Martial Arts America, Chapter Twelve

Martial Arts America, Book Cover



Capital 'C' learly, unquestioned adherence to Eastern training methods and practices poses many problems for the Western martial art student. In fairness, though, not all of the problems spring from our arts' Asian roots. For example, in discussing the value of tradition in Chapter Five, I pointed out how, in the absence of positive character-building traditions, culturally Western martial arts developed some very negative character traits of their own. Also, it should be clear from the discussion of sport karate in Chapter 8, that Western individualism in general and American competitiveness in particular are the major reasons why American sport fighters look down on those who do not likewise enter the arena. Before concluding this book, allow me to take a more light-hearted approach to another decidedly American martial art problem: namely – commercialism, and its impact on the coveted black belt.

  Mon Key Dung's Ad

In the four years from 1992 through 1995, Yellow Pages martial art listings in our area have jumped from 98 to 136. This 39 percent increase means that competition for students is stiff. In an effort to increase market share, many instructors resort to what has become an annual event in one-upmanship. The spectacle begins early in November and occurs concurrently in communities across the country. If past performances are any indicator, then this year's show promises to be as sensational as ever. Yes, sports fans, coming soon to homes everywhere: the annual Yellow Pages promotions.

Leafing through the recent telephone record and searching the nearly 140 different martial art schools and organizations currently listed in our area, I found no less than one tenth-degree black belt, two ninth-degrees, four eighths, five sevenths, two sixths, and two fifths. (About the only thing missing was ". . . and a partridge in a pear tree".) There are also numerous Masters, Grandmasters, Grand Masters (they're really grand), and the occasional Professor. With so many masters and grandmasters around, some now opt for combination titles like Chief Grand Master, Master-Teacher, and Master Shihan. (If shihan means "master teacher," does master shihan mean "master-master teacher?") Further dividing the master category are American Masters, Certified Masters, and one apparently ultimate, The Master. (Combining these titles is amusing, if not accurate: "THE Certifiable American Master.") All of these with the usual assortment of World Famous and World Champions (small world, huh?). I'll bet you didn't know that our community was so rich in martial talent, now did you?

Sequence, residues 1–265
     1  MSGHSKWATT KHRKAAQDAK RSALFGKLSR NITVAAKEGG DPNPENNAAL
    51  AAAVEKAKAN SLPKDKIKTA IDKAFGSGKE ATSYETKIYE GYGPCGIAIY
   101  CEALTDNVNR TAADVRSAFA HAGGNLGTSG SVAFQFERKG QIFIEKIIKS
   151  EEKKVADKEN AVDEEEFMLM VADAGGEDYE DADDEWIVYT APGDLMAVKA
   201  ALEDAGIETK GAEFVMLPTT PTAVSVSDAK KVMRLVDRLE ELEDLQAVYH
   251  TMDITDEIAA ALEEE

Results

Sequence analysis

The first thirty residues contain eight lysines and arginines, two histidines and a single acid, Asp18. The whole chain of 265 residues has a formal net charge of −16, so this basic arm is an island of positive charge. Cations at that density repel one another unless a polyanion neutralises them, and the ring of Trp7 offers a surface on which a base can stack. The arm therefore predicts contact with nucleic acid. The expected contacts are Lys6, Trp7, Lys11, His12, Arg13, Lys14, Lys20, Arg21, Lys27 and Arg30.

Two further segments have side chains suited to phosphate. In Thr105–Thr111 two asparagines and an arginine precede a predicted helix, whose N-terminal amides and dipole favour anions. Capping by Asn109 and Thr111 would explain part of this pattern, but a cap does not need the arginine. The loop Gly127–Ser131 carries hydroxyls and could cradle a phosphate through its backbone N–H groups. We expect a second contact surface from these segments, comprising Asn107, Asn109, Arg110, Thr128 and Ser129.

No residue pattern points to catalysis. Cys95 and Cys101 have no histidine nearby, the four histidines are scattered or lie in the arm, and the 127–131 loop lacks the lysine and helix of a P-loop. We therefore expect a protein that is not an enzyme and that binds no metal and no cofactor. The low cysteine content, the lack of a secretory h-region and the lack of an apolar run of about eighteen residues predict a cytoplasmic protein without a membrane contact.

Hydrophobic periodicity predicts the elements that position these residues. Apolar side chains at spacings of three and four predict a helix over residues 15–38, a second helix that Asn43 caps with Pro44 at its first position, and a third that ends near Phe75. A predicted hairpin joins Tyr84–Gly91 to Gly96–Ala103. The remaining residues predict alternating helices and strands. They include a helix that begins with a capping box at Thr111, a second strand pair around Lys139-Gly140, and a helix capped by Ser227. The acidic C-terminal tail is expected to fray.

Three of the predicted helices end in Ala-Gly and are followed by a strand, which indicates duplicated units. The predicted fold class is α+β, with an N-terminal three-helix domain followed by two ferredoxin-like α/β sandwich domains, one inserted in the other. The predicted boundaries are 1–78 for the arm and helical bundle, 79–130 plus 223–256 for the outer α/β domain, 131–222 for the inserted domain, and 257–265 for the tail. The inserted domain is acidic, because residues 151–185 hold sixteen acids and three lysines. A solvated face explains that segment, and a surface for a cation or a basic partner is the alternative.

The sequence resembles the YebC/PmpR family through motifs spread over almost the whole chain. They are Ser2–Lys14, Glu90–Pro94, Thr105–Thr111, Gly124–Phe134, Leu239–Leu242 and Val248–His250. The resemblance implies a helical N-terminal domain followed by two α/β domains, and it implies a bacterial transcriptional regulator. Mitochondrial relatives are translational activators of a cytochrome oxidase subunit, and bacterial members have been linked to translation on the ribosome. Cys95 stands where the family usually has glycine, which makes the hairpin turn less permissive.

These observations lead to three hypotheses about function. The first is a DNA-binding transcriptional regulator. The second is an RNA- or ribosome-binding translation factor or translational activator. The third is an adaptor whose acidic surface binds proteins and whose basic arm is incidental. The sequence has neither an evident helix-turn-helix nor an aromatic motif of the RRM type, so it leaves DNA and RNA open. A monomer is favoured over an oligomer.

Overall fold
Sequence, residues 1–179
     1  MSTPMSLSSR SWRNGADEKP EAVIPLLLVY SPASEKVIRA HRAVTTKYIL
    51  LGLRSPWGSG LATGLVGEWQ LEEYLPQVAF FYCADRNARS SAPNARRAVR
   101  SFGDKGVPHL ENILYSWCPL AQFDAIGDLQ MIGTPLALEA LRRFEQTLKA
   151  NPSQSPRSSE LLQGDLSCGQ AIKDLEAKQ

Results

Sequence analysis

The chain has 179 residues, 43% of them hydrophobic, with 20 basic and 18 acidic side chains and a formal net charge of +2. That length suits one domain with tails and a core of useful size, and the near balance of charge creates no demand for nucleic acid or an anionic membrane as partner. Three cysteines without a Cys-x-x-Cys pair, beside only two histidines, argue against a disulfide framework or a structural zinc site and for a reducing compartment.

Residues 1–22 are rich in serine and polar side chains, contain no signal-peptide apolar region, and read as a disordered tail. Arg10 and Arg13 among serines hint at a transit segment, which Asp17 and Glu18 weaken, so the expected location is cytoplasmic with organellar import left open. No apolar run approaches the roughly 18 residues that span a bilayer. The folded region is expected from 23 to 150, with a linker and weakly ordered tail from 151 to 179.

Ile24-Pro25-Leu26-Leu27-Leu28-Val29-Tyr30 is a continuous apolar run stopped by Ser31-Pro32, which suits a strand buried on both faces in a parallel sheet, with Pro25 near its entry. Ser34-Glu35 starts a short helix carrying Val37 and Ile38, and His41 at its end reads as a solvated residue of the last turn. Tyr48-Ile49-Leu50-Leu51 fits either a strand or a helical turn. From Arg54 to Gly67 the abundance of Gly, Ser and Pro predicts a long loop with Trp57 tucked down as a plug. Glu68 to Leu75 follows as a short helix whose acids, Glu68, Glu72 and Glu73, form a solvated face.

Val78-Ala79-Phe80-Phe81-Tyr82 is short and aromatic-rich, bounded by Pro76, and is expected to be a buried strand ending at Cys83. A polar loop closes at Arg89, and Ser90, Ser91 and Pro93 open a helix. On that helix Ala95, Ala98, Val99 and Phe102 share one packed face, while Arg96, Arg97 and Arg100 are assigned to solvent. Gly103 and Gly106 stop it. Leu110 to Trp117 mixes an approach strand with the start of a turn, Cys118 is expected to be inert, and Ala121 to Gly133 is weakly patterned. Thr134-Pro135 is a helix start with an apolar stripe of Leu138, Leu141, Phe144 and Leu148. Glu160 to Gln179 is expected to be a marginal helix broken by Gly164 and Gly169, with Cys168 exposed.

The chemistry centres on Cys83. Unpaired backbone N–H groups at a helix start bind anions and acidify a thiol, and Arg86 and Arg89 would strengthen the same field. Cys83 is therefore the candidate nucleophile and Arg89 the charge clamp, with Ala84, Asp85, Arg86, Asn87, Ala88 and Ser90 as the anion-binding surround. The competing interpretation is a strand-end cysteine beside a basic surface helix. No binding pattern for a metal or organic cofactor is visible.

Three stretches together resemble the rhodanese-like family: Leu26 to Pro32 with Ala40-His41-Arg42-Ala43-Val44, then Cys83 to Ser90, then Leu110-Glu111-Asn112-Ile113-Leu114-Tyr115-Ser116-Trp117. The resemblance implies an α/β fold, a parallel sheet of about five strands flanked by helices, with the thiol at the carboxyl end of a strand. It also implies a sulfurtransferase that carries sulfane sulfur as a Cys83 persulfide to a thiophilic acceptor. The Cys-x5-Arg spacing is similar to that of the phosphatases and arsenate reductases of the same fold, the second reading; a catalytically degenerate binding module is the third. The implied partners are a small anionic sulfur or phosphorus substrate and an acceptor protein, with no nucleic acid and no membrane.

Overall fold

But, there was one blight on those bright yellow pages. Amongst all of these highly credentialed luminaries was one advertisement that had the bare-faced, unmitigated gall to boldly proclaim its chief instructor's rank as a . . . third degree black belt! "Unbelievable," some might say. "This guy says he has trained for nearly thirty years, and yet he is still only a third degree black belt? The guy down the street [just about any street] has been in the martial arts for just ten years, and he is already several degrees above this fellow. What gives?"

In fairness, some of the titles listed in the Yellow Pages are legitimate. For example, in some Korean arts, those holding sixth degree black belts and higher are permitted to use the title of "master." Those with an eighth dan and higher may use the title "grandmaster." It must be pointed out that, as one writer noted, grandmaster (as used here) means, for example, a grandmaster in tae kwon do, and not the grandmaster of tae kwon do. That aside, there are still too many self-promotions in the arts (only the self-promoted need write to complain).

Anyway, being an area resident since 1964, I have had ample opportunity to follow these annual promotions, and I find it amazing how fast some of these individuals move up in rank. Oh, I'm sure that everyone listed in the phone book can produce a certificate backing up their claimed rank, but too many certificates are, like many of today's black belts, less than what they imply.


How Much is that Black Belt
in the Window?

There are many reasons for this situation, but the upshot of it is a cheapening of the coveted black belt. A black belt, today, simply doesn't mean what it used to. It used to be that even a first degree black belt certificate represented somewhere between seven and ten years of hard work. Now, some schools advertise that you can receive a black belt in two or three years; eighteen months by mail-order. Walk into many commercial martial art schools today and you are pressured to sign up for the "Black Belt" program. Pay X-number-of-dollars (make that XXXX-dollars), and in less time than it takes to earn a college degree, you can have your very own black belt.
"In no time at all you'll have
your very own black belt."
I am not faulting anyone for wanting to make a decent living teaching martial arts. I am, however, faulting those who flatly and flagrantly "sell" belts. No wonder so many martial artists – even experienced martial artists – now claim ridiculously high ranks and bloated titles. After giving away or selling black belts to every Tom, Dick, and Harry, about the only way instructors can distinguish themselves from their students is to claim rank that is beyond their own progeny.
It's time for another stripe.
"Yup, it's time for another stripe."
Where will it end? Supreme Grandmaster? Ultimate Grandmaster? Great Supreme Ultimate Grandmaster? Sadly, even the late kenpo master William Chow fell prey to this ugly monster. In the second edition of Who's Who in American Martial Arts, published in 1985, Chow's rank is listed as fifteenth degree black belt. If anyone deserved recognition for his skill in the martial arts, he certainly did; but his titles of Professor, Grandmaster, and fifteenth degree black belt came about precisely because belts had become so cheap that even his credentials had to be pumped up to be recognized.